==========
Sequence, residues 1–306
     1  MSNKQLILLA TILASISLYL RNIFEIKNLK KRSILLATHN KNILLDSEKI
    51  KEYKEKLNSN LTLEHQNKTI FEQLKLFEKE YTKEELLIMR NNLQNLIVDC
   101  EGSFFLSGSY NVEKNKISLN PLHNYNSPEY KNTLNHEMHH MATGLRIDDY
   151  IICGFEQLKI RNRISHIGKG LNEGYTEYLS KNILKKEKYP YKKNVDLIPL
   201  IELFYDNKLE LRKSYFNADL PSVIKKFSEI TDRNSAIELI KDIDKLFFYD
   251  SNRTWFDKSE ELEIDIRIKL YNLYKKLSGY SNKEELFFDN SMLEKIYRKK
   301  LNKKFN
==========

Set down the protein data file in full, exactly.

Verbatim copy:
Sequence, residues 1–306
     1  MSNKQLILLA TILASISLYL RNIFEIKNLK KRSILLATHN KNILLDSEKI
    51  KEYKEKLNSN LTLEHQNKTI FEQLKLFEKE YTKEELLIMR NNLQNLIVDC
   101  EGSFFLSGSY NVEKNKISLN PLHNYNSPEY KNTLNHEMHH MATGLRIDDY
   151  IICGFEQLKI RNRISHIGKG LNEGYTEYLS KNILKKEKYP YKKNVDLIPL
   201  IELFYDNKLE LRKSYFNADL PSVIKKFSEI TDRNSAIELI KDIDKLFFYD
   251  SNRTWFDKSE ELEIDIRIKL YNLYKKLSGY SNKEELFFDN SMLEKIYRKK
   301  LNKKFN